Column: Codger is not giving in

JULIE LANE PHOTO Codger triumphant after the Shelter Island 5K.

Cranking up for the approach of Christmas and the New Year, which sometimes can seem like an onrushing caravan of desperate cheer, Codger has been replaying the joyful buzz of a terrific Thanksgiving — 16 people! Five days! Youngest grandchild wins a Turkey Plunge prize in a squid costume! — until a pit bull squeezed under a fence and attacked Cur II.

It was a reality check, a stuff happens moment. It led Codger to more complicated reflections on this dwindling year, which has been a hard one on the country and the planet. Divisive politics, uncertainty, criminals with security clearances, climate change.

Not to mention the normalization of fake news, a plague so pervasive that it spiraled all the way down to Dan’s Papers and the dopey coverage of a Christmas tree fire on Shelter Island that never happened.

Even Codger, who has been accused of insensitivity, was disgusted. Those of us who think we live in paradise know what recently happened to people who actually lived in Paradise. It’s a fiery enough world. Always something. Do we need to raise anxiety levels?

Nevertheless, there have been plenty of fine personal moments. Codger walked his first Shelter Island 5K, finishing 227th of 252 male entrants, leaving him lots of room for gainful improvement.

We all need happy goals. It also helped get him in shape to trail Glenn Waddington for 7.4 miles in 5.10 hours along the coast from Hay Beach to North Ferry. It was part of the Historical Society’s movie version of Glenn’s epic odyssey with Callie Atkins-Smith in which they walked 83.41 miles around the Island in 41 hours and 20 minutes over 13 different days.

What fun!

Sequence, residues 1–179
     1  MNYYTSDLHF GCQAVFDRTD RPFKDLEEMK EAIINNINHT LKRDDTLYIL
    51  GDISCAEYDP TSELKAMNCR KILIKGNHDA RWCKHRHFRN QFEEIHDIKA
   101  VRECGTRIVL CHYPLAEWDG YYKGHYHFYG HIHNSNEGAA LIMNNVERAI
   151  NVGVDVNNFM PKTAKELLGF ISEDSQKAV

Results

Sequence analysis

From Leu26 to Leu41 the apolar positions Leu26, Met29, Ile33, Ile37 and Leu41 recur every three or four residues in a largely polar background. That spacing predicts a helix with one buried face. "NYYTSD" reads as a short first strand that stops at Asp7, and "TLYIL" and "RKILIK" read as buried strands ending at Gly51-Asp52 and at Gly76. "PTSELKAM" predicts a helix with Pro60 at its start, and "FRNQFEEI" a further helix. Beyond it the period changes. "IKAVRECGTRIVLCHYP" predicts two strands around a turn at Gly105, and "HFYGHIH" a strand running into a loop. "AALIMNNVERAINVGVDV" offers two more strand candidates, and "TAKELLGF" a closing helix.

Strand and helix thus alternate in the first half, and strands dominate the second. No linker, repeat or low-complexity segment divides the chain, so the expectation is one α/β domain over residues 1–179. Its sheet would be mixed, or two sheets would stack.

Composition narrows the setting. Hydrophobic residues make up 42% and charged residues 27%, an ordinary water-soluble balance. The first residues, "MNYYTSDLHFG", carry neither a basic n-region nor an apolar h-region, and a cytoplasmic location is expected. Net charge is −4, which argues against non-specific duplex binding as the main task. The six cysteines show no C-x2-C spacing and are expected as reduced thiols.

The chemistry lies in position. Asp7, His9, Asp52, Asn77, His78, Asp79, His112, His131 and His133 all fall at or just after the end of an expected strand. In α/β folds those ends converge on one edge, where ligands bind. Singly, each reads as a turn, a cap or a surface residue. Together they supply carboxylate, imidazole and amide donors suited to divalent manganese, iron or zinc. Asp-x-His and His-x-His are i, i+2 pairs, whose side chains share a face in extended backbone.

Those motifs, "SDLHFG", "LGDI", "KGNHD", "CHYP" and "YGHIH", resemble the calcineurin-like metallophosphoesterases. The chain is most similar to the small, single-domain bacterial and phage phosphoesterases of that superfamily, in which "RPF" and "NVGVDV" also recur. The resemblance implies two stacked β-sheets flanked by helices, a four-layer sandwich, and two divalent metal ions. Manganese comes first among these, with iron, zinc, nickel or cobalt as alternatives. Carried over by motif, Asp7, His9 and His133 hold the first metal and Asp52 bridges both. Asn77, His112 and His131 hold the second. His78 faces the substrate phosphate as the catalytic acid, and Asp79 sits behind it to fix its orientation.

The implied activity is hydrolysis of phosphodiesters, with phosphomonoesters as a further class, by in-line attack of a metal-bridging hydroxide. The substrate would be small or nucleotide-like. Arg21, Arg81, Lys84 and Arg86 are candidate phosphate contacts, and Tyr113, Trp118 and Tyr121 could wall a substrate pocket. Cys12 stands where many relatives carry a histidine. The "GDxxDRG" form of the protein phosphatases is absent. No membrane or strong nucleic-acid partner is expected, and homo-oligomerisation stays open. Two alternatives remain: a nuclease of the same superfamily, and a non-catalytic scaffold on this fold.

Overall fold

And then, last August, Codger and Crone were joined by Apollo, a 6-year-old pure bred, apricot-colored standard poodle known here as Cur II (or Cur-ly, as Crone, who brushes him, likes to say). The immediate circumstances were sad — one of Crone’s childhood friends had asked on her death bed that she make a home for her best friend — but the dog, once he felt comfortable, was a wonderful addition, elegant and merry and a terrific ball chaser. He was kind to grandchildren, even those who looked like squid.

LOIS B. MORRIS PHOTO Codger’s and Crone’s new housemate.

Thus, the events of last week have not yet been disclosed to the squid, also 6. This is what happened, adapted from Crone’s Facebook account:

“He was attacked by a pit bull two nights ago as I was walking him at nightfall in HiLo. The dog squeezed out from under a closed automatic metal gate and latched onto Apollo’s throat and wouldn’t let go. I screamed and screamed for help but the people in the house (it was lit) didn’t respond. After about five minutes, which felt like an eternity, a young man appeared from a house in the woods across the road. He was able to kick the pit bull to the ground (though she still didn’t let go of the shrieking and crying Apollo) and stepped on her neck while I stepped on her abdomen — and the dog still fought! The young man — James Bevilacqua, whom I now call my fairy godson — called the cops, who appeared after about another five minutes. When the cop leashed the pit bull, she let go of Apollo and was friendly enough. I walked away a bit to get Apollo out of view. The owner came out finally, perhaps to check on her dog — she’d been on the phone, she said, and was unaware of the commotion.

“Apollo didn’t appear to be hurt, just very subdued — but we later found a puncture wound, and the vet found more when going through his overgrown coat — two on his throat, more on his flank, plus other bloody areas. He told us it’s lucky Apollo has loose skin and the bites didn’t get a major vessel. And yesterday I found myself with a sprained finger. But all is better today. Apollo’s on painkillers and antibiotics and I’m trying to focus on the magical appearance of my fairy godson — we should all have one — rather than the terror of being absolutely helpless.”

Codger has been thinking about the resilience of Crone and Cur II in getting past a bad time and finding hope in the help around the corner instead of giving in to the paralysis of helplessness.

Codger thinks the wisdom of Crone will be his mantra for next year, when the spirit and better angels of this holiday season will make us all great again, when the Town Board will fulfill its promise to begin implementing the superb plan for community housing it heard last week from Mary-Faith Westervelt and Michael Bebon, when ticks, climate deniers and assorted nit-twits will be defeated.

Amen.

And a Merry Christmas after all.

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